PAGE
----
Latest PTEN Stories
Researchers at Columbia University Medical Center (CUMC) and two other institutions have uncovered a vast new gene regulatory network in mammalian cells that could explain genetic variability in cancer and other diseases.
In findings with major implications for the genetics of cancer and human health, researchers at Beth Israel Deaconess Medical Center (BIDMC) and two other science teams in New York City and Rome have uncovered evidence of powerful new genetic networks and showed how it may work to drive cancer and normal development.
Purdue University scientists believe they have found an effective target for killing late-stage, metastatic prostate cancer cells.
New research from a team including several Carnegie scientists demonstrates that a specific small segment of RNA could play a key role in the growth of a type of malignant childhood eye tumor called retinoblastoma.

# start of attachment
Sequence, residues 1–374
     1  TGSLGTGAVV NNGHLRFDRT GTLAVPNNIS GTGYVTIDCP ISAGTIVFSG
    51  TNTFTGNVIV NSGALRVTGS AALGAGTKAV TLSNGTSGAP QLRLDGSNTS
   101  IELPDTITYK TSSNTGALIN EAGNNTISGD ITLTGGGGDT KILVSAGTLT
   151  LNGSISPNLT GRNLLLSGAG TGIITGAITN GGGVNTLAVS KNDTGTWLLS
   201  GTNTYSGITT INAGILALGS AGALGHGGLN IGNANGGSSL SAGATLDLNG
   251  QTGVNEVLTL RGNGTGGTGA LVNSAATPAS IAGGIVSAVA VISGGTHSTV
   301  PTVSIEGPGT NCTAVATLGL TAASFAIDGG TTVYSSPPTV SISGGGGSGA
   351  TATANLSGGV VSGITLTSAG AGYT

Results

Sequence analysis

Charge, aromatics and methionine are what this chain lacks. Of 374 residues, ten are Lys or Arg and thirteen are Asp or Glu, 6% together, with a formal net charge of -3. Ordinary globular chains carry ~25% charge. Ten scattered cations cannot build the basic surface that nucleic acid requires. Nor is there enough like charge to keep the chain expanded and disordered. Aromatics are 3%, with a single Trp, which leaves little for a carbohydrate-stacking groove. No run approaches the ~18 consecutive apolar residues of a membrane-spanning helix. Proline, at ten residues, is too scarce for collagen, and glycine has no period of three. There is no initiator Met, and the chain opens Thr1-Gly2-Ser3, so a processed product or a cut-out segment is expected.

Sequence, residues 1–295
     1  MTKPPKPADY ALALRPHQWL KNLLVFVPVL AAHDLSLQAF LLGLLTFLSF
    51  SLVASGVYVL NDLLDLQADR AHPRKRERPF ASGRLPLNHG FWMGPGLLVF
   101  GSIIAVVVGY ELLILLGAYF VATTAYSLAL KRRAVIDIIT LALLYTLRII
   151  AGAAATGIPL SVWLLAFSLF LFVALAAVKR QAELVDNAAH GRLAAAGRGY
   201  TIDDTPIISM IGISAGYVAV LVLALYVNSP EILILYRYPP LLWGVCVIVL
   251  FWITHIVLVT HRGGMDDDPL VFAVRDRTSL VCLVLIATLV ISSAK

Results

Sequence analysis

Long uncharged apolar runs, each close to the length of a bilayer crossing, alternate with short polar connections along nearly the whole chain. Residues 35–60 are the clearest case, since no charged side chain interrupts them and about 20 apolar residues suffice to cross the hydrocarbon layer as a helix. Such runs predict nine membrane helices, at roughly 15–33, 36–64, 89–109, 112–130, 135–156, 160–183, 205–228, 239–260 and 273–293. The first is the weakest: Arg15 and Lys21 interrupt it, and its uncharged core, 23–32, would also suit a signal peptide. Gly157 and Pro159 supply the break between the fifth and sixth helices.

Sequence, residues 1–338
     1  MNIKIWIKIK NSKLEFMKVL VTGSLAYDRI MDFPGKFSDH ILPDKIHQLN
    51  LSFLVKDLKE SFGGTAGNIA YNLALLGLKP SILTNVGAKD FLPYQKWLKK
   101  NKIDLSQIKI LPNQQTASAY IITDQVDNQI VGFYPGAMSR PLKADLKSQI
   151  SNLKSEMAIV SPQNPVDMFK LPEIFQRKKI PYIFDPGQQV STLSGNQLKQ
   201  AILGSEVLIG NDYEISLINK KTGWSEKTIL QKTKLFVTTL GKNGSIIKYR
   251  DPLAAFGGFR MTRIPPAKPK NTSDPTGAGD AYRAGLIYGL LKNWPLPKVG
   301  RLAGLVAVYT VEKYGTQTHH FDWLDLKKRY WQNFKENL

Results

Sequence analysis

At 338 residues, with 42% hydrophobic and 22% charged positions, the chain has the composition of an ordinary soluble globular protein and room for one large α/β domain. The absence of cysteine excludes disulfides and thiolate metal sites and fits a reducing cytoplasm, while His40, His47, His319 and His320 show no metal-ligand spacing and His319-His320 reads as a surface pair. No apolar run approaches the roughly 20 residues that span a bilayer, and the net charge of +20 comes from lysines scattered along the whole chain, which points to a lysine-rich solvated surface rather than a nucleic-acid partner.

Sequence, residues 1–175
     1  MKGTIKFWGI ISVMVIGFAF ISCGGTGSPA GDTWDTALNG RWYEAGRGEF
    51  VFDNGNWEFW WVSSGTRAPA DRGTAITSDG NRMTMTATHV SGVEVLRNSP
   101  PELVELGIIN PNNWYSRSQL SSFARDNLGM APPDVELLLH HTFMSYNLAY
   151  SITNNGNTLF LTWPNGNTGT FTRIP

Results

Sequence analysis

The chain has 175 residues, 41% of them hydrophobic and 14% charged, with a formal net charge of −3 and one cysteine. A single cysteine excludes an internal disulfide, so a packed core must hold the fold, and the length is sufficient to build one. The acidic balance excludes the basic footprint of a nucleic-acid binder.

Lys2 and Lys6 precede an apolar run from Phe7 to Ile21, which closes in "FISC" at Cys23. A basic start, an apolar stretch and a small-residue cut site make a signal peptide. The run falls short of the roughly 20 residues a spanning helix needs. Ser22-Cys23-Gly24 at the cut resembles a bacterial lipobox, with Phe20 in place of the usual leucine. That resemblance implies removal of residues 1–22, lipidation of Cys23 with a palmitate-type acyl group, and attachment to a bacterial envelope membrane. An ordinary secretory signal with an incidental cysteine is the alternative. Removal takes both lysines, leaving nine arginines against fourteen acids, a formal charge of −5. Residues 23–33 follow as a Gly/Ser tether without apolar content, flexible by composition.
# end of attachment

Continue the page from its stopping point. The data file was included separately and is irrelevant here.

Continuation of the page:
Scientists believe they have identified a role for PTEN, a known tumor suppressor, in removing DNA damage derived from UVB radiation, a known risk factor for non-melanoma skin cancer.
Cancer is crafty. When one avenue driving its growth is blocked by drugs targeting that path, the malignancy often creates a detour, finding an alternative route to get around the roadblock.
U.S. Department of Agriculture (USDA)-funded studies of mammary gland development in laboratory rats fed blueberries or other foods of interest may aid breast cancer research.
A mutant gene long thought to accelerate tumor growth in thyroid cancer patients actually inhibits the spread of malignant cells, showing promise for novel cancer therapies, a Mayo Clinic study has found.
ASCO Abstract #10504. Contrary to what many oncologists had thought, a tumor suppressor protein known as PTEN does not reduce the effectiveness of the breast cancer drug Herceptin.
Mayo Clinic researchers have found a mutant gene, which was long thought to accelerate tumor growth in thyroid cancer patients, actually inhibits the spread of cancerous cells.
- A political dynamiter.